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Teach your router new tricks with DD-WRT or OpenWrt

Open source DD-WRT or OpenWrt firmware can breathe new life -- and advanced features -- into your old wired or wireless router

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With each passing year, hardware devices grow less dependent on proprietary components and more reliant on open source technologies. Network routers are among the main beneficiaries of this trend, especially those that can support a variety of third-party open source firmware projects. Two of these firmware projects stand apart from the rest: DD-WRT and OpenWrt.

DD-WRT has become a common out-of-the-box option for many routers, but also exists in stand-alone implementations that can be installed on routers that support it. Hundreds of routers can run DD-WRT firmware, including nearly 100 Linksys models alone.

[ Also on InfoWorld: Linksys WRT1900AC, the best open router yet. | Get expert networking how-to advice from InfoWorld's Networking Deep Dive PDF special report and Technology: Networking newsletter. ]

DD-WRT has a slightly convoluted history. In 2002, Linksys started releasing a line of routers (the WRT54G models) that used Linux as an embedded system. The company was eventually obliged to release the source code for those routers under the terms of the GPL. Another company, Sveasoft, picked up on the results and created its own third-party firmware (aka Alchemy). Eventually this work was turned into a commercial offering, which encouraged the folks at to launch their own branch of the project.

The project was successful enough that DD-WRT has become the basis for other firmware created by router manufacturers themselves. Consequently, while DD-WRT has been released under the terms of the GPL, commercial builds of the firmware may incorporate much non-GPL code. While DD-WRT has its roots in open source, it has a more commercial flavor than some of the projects in the same vein.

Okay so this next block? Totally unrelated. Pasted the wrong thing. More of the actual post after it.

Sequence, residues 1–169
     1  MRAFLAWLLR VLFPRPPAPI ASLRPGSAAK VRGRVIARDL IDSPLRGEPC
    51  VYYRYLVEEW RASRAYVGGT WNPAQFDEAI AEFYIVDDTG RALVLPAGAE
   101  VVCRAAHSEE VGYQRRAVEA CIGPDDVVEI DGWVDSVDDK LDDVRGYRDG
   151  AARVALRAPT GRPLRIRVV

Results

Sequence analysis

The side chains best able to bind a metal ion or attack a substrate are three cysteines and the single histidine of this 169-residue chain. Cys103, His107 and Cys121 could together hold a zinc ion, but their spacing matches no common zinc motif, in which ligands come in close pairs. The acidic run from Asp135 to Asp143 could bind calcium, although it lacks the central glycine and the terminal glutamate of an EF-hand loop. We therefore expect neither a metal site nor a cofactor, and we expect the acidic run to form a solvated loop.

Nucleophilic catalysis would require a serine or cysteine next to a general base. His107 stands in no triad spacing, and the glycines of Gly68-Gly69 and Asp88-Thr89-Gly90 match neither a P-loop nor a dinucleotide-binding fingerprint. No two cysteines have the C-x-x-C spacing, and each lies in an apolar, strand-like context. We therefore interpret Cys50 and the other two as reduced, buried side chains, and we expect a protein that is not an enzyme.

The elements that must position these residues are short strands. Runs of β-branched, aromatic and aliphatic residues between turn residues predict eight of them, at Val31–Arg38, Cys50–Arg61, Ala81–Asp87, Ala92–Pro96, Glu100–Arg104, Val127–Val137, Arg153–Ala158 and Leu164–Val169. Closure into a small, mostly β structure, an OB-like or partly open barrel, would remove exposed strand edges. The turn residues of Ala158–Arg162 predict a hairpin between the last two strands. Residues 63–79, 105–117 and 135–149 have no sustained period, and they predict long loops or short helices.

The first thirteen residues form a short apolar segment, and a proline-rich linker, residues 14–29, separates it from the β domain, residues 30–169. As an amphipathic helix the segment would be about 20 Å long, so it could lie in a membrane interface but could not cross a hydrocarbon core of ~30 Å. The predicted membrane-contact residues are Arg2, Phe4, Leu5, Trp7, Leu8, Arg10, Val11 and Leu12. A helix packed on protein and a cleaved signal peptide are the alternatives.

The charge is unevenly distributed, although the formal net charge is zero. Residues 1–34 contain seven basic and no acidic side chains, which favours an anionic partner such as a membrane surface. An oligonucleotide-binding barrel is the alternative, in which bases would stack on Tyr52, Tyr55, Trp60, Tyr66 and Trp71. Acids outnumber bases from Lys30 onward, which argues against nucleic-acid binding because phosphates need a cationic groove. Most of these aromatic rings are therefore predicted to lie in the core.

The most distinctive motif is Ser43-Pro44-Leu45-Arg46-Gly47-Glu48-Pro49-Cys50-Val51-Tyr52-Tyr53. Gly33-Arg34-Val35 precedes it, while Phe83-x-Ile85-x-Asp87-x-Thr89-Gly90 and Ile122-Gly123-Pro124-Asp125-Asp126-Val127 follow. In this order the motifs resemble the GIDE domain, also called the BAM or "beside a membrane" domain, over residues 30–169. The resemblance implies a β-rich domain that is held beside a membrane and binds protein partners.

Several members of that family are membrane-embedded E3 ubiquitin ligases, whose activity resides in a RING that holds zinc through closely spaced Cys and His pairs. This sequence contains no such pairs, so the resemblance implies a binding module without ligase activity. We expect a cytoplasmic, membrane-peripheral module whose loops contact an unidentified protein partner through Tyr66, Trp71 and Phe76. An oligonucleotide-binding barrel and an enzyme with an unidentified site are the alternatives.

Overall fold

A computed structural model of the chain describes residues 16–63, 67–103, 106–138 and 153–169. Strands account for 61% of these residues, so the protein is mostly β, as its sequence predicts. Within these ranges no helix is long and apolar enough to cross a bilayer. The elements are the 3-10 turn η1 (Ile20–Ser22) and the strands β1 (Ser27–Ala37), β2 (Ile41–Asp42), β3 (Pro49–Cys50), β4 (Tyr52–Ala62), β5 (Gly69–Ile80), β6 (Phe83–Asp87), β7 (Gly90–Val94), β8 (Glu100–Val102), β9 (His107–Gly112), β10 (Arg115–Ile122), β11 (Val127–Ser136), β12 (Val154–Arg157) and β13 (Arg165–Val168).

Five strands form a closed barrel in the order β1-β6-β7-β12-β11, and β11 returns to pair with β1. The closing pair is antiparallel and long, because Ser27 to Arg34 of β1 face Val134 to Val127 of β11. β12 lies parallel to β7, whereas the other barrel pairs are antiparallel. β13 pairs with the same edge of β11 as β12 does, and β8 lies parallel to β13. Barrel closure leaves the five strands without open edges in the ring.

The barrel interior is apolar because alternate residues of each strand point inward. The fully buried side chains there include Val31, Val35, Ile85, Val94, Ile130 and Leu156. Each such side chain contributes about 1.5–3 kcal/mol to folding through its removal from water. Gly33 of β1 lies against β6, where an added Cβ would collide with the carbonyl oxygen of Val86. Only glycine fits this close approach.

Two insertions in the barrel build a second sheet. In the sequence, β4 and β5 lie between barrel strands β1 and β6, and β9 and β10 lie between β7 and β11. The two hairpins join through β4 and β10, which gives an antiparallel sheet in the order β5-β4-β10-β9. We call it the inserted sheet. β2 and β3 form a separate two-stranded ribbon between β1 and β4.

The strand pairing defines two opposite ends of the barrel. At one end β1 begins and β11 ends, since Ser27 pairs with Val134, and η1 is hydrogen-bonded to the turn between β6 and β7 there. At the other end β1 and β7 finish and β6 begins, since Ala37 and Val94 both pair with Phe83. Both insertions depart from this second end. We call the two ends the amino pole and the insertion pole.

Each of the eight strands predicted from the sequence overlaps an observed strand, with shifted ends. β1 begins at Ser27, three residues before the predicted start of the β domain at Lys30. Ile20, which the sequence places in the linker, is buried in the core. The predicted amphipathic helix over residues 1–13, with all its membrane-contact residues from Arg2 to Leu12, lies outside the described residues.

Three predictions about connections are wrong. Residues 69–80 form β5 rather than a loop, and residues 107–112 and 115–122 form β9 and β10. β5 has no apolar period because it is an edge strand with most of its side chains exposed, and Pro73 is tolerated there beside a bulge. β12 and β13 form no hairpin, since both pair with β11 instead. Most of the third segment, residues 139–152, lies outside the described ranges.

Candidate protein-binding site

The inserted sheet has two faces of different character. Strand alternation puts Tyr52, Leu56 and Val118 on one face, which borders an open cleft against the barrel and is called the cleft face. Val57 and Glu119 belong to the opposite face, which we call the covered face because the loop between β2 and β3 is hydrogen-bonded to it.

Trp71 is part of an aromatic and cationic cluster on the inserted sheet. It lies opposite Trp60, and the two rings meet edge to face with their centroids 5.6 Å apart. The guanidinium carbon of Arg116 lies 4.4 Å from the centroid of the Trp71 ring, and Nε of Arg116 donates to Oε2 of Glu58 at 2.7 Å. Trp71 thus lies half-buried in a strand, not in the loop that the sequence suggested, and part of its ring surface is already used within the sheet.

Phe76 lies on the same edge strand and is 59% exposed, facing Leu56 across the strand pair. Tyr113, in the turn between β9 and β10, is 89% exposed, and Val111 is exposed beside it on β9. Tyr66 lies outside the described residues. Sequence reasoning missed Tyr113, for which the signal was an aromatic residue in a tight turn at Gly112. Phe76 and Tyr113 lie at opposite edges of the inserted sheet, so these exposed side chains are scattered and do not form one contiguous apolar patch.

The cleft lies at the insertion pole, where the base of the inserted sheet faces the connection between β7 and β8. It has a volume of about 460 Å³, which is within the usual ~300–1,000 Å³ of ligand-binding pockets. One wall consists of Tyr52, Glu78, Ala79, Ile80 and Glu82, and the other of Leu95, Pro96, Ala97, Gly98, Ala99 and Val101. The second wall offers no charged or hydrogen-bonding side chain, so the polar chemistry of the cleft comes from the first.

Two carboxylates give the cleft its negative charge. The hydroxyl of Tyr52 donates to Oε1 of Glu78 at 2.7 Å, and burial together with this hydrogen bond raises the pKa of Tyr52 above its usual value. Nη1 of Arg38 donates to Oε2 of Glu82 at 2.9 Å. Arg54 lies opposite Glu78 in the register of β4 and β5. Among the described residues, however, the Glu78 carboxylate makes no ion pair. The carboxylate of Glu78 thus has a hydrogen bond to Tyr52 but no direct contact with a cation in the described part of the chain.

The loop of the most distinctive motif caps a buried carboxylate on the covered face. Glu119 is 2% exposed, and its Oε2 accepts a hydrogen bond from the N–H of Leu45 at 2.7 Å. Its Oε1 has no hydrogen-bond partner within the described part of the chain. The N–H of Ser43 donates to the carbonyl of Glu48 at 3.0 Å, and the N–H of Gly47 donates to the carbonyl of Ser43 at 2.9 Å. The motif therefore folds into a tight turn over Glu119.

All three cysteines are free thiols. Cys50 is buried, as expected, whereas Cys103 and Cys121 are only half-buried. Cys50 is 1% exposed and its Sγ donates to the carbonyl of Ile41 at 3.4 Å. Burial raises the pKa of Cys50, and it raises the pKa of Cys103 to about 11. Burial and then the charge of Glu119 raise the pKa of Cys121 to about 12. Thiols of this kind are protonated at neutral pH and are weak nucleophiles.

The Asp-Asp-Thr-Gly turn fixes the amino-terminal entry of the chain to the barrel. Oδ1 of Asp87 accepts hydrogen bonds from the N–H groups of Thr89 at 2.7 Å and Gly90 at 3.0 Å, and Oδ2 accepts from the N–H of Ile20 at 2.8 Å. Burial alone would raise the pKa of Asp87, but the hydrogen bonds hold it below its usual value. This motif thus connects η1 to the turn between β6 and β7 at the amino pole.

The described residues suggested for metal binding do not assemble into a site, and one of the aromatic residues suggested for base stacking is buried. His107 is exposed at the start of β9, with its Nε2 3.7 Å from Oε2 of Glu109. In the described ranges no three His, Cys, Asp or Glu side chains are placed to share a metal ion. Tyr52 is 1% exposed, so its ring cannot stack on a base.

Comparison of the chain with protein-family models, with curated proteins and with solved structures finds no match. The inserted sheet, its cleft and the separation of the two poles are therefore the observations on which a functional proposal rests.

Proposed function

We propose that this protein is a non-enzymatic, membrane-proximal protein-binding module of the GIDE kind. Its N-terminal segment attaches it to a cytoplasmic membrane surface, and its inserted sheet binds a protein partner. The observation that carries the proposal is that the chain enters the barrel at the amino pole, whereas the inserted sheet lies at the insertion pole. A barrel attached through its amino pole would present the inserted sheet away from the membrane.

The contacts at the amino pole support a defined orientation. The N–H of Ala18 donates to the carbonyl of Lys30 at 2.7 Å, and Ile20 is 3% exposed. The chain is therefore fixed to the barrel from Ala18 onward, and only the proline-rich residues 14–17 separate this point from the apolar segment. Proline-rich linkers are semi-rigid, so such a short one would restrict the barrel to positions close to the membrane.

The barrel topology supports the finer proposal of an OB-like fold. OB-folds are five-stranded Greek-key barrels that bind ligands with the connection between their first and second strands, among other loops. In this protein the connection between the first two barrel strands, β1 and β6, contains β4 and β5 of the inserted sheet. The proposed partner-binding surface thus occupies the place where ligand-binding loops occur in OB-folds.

OpenWrt is open source firmware similar to DD-WRT, but with a markedly different approach to its construction and deployment. The OpenWrt project home page unpretentiously describes the technology as "a Linux distribution for embedded devices," but that humble label doesn't cover the whole picture. Instead of being released as a monolithic build à la DD-WRT, OpenWrt is more akin to an actual Linux distribution with its own package manager.

Because of all this, setting up and running OpenWrt can become a much more involved process, since the user has the freedom to make most any changes they want directly inside OpenWrt. But it also means access to a much broader range of components. By the same token, OpenWrt components tend to be more frequently updated than those for DD-WRT, while its package manager makes it easier for users to take advantage of those updates.

Why use DD-WRT or OpenWrt?
For me, the single biggest reason to go with an open firmware like DD-WRT or OpenWrt is the balance it strikes between convenience and openness. I can go out and buy a router that runs open firmware out of the box -- such as the Buffalo router I currently use -- and either upgrade it at my leisure to other open firmware builds or rely on Buffalo's own official (albeit proprietary) builds. In many respects, using an open firmware is analogous to the use of an alternative Android ROM, like CyanogenMod, where an older phone can be kept current long after the manufacturer decides it's not worth supporting anymore.

In the past I've bought a router, upgraded it faithfully as new revisions to the firmware come out, then ground my teeth in disgust when I discovered, 18 months or two years later, that it's no longer supported. This is dismaying, especially in a post-Heartbleed world where an unpatched embedded device can be bad news. The only thing worse than no protection at all is a false sense of security, so I like the idea of using software that has at least a modicum of third-party oversight.

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